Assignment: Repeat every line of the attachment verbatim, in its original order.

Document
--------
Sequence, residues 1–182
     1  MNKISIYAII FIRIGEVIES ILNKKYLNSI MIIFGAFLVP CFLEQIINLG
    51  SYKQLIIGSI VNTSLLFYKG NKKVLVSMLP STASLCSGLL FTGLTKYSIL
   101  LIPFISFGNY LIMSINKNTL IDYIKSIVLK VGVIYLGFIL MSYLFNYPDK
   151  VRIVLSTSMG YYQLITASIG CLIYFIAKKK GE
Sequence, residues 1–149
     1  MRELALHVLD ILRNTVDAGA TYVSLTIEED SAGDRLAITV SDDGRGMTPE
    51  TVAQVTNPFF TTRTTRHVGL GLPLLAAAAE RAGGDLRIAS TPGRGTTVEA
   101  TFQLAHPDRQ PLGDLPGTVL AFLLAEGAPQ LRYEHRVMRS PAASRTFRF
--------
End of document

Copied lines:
Sequence, residues 1–182
     1  MNKISIYAII FIRIGEVIES ILNKKYLNSI MIIFGAFLVP CFLEQIINLG
    51  SYKQLIIGSI VNTSLLFYKG NKKVLVSMLP STASLCSGLL FTGLTKYSIL
   101  LIPFISFGNY LIMSINKNTL IDYIKSIVLK VGVIYLGFIL MSYLFNYPDK
   151  VRIVLSTSMG YYQLITASIG CLIYFIAKKK GE
Sequence, residues 1–149
     1  MRELALHVLD ILRNTVDAGA TYVSLTIEED SAGDRLAITV SDDGRGMTPE
    51  TVAQVTNPFF TTRTTRHVGL GLPLLAAAAE RAGGDLRIAS TPGRGTTVEA
   101  TFQLAHPDRQ PLGDLPGTVL AFLLAEGAPQ LRYEHRVMRS PAASRTFRF